We've previously detailed how conservatives have decided that only conservatives, and not liberals, are permitted to use the plantation as a political metaphor. WorldNetDaily columnist Ellis Washington is an upholder of that standard.
Washington keeps it up in his Jan. 26 WND column chastising an unnamed "preacher" for giving "support to your mistress" -- that is, Hillary Clinton -- "as she, though shorter than you, looked down to you and upon all who witnessed this spectacle." Washington offers no evidence that Clinton "looks down" on blacks. Ellis goes on to add:
Black preachers across America have been in the forefront of controlling black people's political liberty every election year by demanding their flock vote for a political party that has an unashamed history of undermining your hopes, your dreams, your aspirations under the guise of helping you. On this point, Rev. Preacher, you and your colleagues have been like the overseers of the plantation during slavery times. You have been accorded just enough power by "Masser" to keep those in your charge "on the plantation"; otherwise, what use are you to the Democrat Party?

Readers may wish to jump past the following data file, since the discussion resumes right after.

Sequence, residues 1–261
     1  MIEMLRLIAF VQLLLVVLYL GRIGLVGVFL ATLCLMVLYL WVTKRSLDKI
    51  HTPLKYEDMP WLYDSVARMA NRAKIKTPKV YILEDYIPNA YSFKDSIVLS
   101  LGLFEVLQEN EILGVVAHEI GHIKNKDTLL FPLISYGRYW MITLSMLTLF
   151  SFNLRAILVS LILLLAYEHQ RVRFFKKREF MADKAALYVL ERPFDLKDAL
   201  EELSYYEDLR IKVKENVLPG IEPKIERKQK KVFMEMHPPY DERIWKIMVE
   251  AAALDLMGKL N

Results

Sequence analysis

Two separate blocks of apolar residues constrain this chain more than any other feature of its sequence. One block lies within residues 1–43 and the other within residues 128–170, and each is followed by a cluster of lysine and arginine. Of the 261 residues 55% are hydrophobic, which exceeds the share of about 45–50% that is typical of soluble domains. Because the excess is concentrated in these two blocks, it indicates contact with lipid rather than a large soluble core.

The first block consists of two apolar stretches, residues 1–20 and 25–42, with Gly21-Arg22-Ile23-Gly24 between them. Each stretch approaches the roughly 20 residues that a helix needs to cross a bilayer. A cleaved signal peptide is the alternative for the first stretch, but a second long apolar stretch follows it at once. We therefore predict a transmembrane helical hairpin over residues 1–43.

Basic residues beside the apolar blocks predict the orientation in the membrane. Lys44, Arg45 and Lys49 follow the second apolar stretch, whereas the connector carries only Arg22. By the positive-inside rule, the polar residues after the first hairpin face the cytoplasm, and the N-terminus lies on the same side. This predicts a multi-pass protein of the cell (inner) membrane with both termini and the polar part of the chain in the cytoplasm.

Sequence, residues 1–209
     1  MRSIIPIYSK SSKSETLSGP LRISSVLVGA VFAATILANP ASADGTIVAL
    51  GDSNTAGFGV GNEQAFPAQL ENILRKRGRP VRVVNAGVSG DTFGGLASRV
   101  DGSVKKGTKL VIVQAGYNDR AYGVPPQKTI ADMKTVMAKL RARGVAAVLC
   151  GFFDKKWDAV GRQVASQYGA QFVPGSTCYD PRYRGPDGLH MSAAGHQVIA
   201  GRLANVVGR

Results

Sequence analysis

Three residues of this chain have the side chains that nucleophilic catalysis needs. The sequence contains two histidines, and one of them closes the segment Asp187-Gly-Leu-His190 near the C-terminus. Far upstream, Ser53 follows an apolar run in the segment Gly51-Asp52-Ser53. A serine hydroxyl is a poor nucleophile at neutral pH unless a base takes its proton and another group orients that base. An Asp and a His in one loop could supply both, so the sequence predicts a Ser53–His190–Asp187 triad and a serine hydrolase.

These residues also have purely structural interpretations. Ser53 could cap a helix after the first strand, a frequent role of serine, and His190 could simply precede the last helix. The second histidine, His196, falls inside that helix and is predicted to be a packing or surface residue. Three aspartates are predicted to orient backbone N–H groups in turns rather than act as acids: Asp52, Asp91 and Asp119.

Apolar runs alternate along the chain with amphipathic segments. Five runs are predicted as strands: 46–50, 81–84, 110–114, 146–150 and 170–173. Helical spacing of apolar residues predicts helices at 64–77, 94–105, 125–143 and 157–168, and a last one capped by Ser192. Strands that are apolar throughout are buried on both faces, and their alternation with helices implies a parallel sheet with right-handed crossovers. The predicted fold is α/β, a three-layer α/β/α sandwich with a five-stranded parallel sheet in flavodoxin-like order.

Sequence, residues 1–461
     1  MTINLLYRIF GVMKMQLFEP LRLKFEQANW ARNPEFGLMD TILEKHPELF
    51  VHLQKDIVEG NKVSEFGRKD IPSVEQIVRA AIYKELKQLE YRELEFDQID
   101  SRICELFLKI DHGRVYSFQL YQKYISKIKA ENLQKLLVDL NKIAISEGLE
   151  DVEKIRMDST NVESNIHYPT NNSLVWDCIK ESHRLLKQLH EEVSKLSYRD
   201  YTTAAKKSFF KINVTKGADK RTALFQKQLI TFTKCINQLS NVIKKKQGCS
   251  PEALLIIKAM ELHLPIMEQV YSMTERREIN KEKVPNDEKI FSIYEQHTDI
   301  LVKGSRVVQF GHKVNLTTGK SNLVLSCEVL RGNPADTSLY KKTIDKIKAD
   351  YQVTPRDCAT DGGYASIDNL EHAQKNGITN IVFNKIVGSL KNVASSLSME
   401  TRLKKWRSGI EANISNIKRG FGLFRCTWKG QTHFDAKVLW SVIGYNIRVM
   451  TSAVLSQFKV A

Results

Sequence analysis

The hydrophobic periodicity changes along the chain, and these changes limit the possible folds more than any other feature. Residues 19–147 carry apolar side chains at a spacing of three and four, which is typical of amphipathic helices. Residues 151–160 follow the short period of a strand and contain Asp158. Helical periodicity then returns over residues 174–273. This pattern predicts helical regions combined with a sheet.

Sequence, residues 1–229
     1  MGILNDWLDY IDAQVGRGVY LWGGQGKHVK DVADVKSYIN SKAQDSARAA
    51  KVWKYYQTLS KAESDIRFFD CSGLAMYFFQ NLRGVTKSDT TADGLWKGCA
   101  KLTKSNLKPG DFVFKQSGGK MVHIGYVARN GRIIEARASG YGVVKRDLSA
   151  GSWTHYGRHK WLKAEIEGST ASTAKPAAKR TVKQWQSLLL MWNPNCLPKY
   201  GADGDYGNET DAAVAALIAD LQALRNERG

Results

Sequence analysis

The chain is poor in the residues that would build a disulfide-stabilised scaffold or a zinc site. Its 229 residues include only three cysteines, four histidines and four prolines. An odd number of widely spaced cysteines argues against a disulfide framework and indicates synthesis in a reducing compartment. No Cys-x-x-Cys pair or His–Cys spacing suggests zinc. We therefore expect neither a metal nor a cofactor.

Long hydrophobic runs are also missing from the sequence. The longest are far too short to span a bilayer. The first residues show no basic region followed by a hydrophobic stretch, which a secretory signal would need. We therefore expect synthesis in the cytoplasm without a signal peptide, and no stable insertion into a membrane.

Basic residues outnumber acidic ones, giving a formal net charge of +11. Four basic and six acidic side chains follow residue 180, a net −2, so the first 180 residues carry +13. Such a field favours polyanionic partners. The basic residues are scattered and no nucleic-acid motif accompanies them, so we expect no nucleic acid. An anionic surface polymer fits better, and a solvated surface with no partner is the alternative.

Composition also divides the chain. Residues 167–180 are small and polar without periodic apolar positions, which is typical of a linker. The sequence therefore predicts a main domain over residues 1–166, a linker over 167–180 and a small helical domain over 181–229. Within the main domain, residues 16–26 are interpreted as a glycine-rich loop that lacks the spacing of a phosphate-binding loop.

Guess all that conservative outrage over Clinton using "plantation" as a political metaphor was hypocritical and meaningless, eh, Mr. Washington?
In his zeal to bash Democrats, Washington also gets his facts wrong. he writes:
Jefferson's first promise to all Americans in the Declaration of Independence was denied to your people from the beginning by the evil institution of slavery. Later, by Democrat politicians largely from the South and also by their de facto Brownshirts, the Klu Klux Klan. Two of the KKK's most notable members, Sen. Robert Byrd, D-W.Va., and Supreme Court Justice Hugo Black, are both proud Democrats – their infamous membership in the KKK never repudiated by the Democrats to this day.
As we've noted, Byrd has, in fact, repeatedly apologized for his Klan membership. As for Black, evidence suggests that he was a member for a couple of years in the 1920s out of a combination of political expediency and anti-Catholic animus, not out of racist sympathies. Anyway, his record of championing civil rights -- which Washington curiously fails to mention -- far outstrips his Klan link; as a review of a Black biography notes, "he wrote a ringing opinion upholding the rights of four southern blacks from whom police had coerced a confession of murder" and "Black more than paid for his KKK affiliation with his support of the 1954 school desegregation decision, which rendered him until almost the end of his life a virtual exile in his home state [of Alabama]."